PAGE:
After/during a long pause (work-enforced) from my photography, I’ve made the decision to move up to 8×10 for B&W inc. for contact prints (e.g. toned cyanotypes; Van Dyke Brown; possibly Platinum/Palladium).
Will still use the trusty Linhof Technikardan S45 for colour slide on 5×4 but really want to give B&W contact printing a good go – a drive to put more of myself – and art – into the images I make: a drive to add personality and a sense of my own time, my own subjectivity, into the photographs I make.
Just about ready; only major outstanding item now before I can get cracking on making exposures is a BTZS dark cloth and a Lee wide-angle bellows hood, in the post. Many thanks to Tim Layton for allowing me to take the Nikkor SW150 off his good hands. Also have 300W and 450M so most things covered lens-wise.
The decision is prompted by the sense of a convergence in my creative mind between photography and my academic work, especially in terms of the interrelation between photography and the cultural histories of the novel and poetry, and ways of articulating a sense of connection-cum-remoteness from the ancient world.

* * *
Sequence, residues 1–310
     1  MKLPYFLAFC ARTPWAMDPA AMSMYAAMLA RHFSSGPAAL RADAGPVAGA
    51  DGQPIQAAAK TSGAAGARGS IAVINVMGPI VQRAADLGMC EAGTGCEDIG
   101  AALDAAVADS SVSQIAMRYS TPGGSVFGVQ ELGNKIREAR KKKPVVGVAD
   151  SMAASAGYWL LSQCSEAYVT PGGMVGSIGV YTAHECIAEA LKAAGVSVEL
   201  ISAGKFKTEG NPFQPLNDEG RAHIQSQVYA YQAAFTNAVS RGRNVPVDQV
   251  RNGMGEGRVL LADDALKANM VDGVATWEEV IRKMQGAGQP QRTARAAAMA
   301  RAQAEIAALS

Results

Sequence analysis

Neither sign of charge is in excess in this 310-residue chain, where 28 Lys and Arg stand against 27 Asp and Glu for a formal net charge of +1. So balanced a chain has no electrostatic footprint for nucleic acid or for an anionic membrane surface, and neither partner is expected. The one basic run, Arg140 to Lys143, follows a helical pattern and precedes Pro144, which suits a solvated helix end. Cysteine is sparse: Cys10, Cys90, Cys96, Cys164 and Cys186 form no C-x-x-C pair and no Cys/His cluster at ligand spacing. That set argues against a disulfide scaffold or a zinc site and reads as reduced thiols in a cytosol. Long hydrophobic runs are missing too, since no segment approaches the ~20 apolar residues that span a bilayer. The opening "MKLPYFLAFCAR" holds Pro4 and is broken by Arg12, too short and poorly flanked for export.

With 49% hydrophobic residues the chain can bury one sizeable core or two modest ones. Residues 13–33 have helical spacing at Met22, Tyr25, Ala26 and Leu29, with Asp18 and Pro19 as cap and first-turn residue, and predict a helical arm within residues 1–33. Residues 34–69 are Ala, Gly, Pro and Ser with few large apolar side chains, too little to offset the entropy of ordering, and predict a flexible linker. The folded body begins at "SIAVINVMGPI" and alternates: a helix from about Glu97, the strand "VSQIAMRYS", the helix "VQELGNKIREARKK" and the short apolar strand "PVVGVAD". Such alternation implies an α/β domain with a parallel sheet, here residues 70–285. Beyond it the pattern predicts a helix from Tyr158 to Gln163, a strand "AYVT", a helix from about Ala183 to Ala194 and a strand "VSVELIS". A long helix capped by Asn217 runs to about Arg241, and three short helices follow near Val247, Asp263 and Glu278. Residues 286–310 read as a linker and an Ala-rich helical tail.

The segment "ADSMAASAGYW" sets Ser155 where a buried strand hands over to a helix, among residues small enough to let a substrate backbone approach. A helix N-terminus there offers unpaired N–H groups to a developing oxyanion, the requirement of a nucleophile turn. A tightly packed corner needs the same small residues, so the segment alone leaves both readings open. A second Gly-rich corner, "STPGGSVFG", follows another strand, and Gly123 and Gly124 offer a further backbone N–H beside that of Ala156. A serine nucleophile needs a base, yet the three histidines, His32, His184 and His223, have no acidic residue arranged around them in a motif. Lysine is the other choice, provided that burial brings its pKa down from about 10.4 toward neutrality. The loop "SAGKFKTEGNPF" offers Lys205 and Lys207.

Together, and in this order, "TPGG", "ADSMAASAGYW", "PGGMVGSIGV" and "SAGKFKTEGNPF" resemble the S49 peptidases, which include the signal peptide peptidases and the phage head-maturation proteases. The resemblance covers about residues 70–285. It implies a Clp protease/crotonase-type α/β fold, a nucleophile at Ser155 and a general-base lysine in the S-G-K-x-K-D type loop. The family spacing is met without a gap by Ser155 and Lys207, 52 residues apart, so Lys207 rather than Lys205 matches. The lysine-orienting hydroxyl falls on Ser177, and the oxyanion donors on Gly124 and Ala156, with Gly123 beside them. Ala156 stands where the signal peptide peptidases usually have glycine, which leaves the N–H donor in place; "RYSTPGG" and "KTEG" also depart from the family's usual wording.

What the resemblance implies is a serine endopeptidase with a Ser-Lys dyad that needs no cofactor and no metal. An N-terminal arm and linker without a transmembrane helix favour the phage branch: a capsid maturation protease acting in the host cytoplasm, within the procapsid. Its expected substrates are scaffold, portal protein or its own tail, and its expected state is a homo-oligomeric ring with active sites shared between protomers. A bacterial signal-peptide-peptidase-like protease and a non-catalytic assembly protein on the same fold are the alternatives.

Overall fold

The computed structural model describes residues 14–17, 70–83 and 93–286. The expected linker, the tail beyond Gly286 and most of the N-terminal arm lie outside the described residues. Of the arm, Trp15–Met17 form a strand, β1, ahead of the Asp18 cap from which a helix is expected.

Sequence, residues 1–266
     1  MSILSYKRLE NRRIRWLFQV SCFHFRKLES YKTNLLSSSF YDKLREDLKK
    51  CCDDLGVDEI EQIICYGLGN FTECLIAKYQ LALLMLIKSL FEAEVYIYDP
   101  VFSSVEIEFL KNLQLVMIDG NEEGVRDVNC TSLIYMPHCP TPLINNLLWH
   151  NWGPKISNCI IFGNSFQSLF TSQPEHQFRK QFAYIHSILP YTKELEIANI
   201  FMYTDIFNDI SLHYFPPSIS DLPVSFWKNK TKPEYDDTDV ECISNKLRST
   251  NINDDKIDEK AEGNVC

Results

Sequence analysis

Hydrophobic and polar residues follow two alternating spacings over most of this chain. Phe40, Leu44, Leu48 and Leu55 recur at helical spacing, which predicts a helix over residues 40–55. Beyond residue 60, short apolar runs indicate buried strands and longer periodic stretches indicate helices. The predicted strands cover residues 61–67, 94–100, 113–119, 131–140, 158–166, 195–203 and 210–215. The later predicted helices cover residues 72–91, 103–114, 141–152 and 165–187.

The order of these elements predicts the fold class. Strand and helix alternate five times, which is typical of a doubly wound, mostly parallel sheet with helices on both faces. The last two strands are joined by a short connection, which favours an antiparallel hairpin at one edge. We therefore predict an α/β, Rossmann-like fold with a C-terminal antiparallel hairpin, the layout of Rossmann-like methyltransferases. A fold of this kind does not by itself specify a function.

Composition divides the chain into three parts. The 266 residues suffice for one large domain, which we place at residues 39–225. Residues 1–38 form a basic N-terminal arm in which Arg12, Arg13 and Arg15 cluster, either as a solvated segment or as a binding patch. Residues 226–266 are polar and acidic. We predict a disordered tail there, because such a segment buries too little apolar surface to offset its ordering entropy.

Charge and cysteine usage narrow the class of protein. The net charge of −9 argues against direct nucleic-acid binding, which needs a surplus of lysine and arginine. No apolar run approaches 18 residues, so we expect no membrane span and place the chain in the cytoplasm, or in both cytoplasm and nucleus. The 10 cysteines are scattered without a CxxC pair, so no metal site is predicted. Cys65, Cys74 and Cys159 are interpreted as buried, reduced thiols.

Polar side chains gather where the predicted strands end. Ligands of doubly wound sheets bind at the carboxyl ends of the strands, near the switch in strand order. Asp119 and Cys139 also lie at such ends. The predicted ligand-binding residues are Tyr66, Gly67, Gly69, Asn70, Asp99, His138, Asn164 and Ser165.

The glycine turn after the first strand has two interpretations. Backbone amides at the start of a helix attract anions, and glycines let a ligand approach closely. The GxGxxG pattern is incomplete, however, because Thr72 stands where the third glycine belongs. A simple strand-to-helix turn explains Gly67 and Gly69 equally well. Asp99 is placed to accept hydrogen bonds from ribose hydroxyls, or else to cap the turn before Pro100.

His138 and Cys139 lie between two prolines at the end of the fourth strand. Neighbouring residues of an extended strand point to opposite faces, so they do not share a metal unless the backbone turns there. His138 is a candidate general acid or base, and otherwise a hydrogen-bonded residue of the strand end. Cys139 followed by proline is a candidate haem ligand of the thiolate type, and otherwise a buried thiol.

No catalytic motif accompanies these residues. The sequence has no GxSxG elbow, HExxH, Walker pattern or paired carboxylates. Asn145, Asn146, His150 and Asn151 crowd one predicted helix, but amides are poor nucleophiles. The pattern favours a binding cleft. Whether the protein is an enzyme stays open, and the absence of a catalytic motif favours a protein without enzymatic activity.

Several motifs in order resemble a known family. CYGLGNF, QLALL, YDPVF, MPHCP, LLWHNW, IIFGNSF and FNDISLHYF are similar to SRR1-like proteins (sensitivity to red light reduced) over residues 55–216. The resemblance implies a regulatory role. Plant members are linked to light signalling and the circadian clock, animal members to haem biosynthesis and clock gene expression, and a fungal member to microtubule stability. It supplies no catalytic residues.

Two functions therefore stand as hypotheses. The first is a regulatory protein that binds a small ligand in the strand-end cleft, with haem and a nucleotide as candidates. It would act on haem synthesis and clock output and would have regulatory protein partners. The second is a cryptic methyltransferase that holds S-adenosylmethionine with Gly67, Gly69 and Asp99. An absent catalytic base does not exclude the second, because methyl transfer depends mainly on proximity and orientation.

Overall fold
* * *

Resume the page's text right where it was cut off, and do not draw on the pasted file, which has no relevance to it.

I’m in the early stages of writing an academic paper on lyric time, photography, and literary modernism for an international conference on ancient Greek lyric poetry, and have things to say about Proust and Pindar; I’m also interested in contemporary conceptual landscape photography as a response to the environments and histories of Britain, and am currently getting absorbed by W. G. Sebald’s The Rings of Saturn.